Collapse bottom bar
Subscribe
Your Location: You're in the jungle, baby! X
Crossbows Gear & Accessories Hunting

Understanding Crossbow Arrows

by Brad Fenson   |  July 23rd, 2012 0

A machine at Carbon Express tests arrows for proper spine. Static spine is the measure of how much the arrow bends at rest. Dynamic spine is how much the arrow flexes in flight. Photo courtesy of Carbon Express.

We snuck to the edge of a large grass field and peered through limbs, grasses and shrubs. A small group of white-tailed does was moving toward us. My hunting buddy looked back at me with a huge grin and shouldered his crossbow. He pointed it in their direction and waited for them to appear in a clear lane in front of him.

Seconds later, a young doe stepped into the sight window. I watched the arrow disappear into the deer, just behind her front shoulder. The flight was perfect. It hit exactly where it was aimed. The carbon shaft passed completely through the animal for maximum effectiveness and a quick, efficient kill.

This is the way it’s supposed to happen. The hunter had the right gear for the job. Strings weren’t frayed, cams weren’t bent and the arrow was the weight and type the manufacturer recommended.

Crossbows have been used for centuries and the technological advancements over the years have made them powerful. Modern crossbows harness an incredible amount of power. Engineers have ratcheted up the speed and stored energy. Most designs producing speeds between 300 to 400 fps. For these reasons, shooters need to pay close attention to the arrows they select. You will maximize the benefits of your xbow, and ensure only the game animal will take the brunt.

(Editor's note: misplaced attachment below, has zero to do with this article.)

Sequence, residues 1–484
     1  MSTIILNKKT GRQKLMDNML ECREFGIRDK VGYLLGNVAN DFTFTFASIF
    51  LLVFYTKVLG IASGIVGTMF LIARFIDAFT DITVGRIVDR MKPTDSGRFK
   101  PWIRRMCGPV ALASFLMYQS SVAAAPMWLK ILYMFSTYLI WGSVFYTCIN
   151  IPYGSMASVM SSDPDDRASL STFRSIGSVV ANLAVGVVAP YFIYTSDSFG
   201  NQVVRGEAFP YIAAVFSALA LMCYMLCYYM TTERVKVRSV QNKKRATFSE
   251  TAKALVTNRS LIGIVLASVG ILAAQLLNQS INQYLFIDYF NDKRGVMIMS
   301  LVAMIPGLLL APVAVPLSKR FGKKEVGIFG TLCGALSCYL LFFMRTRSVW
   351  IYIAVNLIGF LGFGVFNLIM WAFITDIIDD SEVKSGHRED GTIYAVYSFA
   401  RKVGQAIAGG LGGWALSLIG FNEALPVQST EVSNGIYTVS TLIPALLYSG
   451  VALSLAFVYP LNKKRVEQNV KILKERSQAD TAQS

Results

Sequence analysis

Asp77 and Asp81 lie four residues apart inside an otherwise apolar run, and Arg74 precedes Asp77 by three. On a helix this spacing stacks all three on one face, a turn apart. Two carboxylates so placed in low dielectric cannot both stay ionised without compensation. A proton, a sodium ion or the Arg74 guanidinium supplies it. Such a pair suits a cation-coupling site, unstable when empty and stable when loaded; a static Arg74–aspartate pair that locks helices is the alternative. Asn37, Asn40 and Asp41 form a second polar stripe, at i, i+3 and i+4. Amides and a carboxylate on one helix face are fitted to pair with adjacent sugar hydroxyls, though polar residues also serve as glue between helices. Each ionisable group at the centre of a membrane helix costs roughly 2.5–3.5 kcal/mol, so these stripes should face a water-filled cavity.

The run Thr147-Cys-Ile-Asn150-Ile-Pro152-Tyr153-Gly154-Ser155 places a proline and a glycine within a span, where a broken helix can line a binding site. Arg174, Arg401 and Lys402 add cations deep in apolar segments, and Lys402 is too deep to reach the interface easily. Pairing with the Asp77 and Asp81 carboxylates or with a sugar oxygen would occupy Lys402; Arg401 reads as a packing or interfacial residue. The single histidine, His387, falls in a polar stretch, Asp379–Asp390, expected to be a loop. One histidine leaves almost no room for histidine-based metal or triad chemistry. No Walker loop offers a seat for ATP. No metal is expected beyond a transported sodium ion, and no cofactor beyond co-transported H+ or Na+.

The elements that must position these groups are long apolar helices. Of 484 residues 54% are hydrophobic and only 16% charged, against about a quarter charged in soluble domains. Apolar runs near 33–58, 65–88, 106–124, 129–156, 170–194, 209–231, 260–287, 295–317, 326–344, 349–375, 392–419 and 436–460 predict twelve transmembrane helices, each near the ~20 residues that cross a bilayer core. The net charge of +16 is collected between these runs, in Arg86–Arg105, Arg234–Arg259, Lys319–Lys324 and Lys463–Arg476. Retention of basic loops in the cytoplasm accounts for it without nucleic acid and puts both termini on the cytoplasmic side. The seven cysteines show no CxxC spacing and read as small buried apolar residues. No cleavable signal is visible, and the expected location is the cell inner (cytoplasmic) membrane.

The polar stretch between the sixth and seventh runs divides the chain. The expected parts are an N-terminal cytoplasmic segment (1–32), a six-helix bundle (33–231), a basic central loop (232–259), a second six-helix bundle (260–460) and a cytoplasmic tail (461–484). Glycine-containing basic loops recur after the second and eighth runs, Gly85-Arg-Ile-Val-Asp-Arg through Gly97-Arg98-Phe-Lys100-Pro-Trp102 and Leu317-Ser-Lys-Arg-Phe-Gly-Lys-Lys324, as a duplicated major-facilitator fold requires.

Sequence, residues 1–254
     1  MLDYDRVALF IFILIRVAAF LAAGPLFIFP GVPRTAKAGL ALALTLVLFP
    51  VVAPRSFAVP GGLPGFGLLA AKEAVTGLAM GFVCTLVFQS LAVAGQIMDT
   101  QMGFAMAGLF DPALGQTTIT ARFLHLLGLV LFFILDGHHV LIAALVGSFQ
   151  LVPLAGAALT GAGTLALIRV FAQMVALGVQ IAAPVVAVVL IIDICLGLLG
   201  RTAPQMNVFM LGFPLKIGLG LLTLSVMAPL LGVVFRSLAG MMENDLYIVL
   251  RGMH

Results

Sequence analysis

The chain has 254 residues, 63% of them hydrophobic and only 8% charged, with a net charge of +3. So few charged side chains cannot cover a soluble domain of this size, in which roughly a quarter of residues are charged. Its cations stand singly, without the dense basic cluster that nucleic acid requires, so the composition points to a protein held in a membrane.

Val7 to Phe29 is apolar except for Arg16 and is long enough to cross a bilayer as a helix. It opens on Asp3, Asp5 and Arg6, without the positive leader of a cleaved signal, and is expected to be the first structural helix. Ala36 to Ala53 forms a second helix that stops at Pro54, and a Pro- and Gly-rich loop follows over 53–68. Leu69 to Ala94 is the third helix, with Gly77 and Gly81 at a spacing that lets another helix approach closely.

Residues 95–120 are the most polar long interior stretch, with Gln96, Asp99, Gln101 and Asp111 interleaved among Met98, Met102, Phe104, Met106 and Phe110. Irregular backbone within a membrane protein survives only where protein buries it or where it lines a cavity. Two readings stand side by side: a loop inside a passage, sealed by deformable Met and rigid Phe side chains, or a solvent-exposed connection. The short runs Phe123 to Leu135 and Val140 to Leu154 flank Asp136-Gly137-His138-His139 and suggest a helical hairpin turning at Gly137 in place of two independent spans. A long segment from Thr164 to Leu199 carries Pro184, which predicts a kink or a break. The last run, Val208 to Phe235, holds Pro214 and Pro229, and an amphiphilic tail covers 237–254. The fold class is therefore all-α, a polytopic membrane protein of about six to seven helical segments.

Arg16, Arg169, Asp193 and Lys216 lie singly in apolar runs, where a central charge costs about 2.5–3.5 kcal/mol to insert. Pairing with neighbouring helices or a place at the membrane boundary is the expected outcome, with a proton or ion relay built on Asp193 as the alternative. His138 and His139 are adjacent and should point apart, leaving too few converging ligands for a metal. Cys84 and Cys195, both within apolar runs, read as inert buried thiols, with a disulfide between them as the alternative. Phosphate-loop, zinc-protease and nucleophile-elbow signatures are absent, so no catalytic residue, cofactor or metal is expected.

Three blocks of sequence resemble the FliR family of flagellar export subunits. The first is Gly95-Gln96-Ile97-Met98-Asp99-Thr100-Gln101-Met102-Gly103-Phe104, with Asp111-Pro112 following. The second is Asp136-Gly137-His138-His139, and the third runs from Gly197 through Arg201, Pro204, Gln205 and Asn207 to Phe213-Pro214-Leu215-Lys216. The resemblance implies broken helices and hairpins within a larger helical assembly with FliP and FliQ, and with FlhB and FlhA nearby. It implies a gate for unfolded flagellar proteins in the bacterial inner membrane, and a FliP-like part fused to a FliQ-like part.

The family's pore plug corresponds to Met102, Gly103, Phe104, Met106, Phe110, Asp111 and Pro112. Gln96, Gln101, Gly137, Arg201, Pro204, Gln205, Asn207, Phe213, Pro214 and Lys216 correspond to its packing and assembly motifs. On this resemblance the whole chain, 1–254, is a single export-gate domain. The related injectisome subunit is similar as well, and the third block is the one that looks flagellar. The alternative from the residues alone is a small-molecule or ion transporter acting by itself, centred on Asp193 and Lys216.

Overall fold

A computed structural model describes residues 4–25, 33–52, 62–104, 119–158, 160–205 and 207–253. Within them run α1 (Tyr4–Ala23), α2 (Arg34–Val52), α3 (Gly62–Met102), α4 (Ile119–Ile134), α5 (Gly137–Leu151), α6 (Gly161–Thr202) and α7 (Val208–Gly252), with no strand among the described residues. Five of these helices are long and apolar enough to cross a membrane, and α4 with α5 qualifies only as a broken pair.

SPINE
Spine is the measure of rigidity of the arrow from tip to nock. Too little spine could mean too much flexibility and the arrow might not be able to effectively handle that sudden transmission of energy from the limbs. An arrow could shatter. The bow’s energy would have to go somewhere, and there is no other good options, as far as the person pulling the trigger is concerned. At best, it would equate to a dry fire, and you crossbow would probably be a worthless mess after that. At worse, you’d be in the emergency room. There is a lot of power in a crossbow. Similar to a gun or a vehicle, it must be treated with respect.

In the industry, the term static spine is used to refer to the stiffness of the arrow and its resistance to bending. Engineers and designers check the level of static spine in their arrows by supporting the arrow at two points a known distance apart, and applying force in the center of the arrow. The amount of bend at the center point determines the spine. Arrows with high static spine will not bend as much as arrows with low static spine.

Geometry of the arrow’s shaft, the materials used and how much of it, are factors that determine the spine. In multi-layered arrows, like carbon and aluminum, the bonding materials of the layers also contribute to the stiffness.

Dynamic spine is the term used to measure how much an arrow bends when fired from a crossbow. This is influenced by factors such as static spine, string force, fletching weight and nock weight. An arrow should bend and flex to some extent during flight. That flexing and bending influence accuracy and consistency.

Crossbow manufacturers have recommendations for the amount of spine for their models. You can usually find a handy chart on the crossbow box or instructions to help you determine the required stiffness of an arrow for specific draw weights with a given bow.

back to top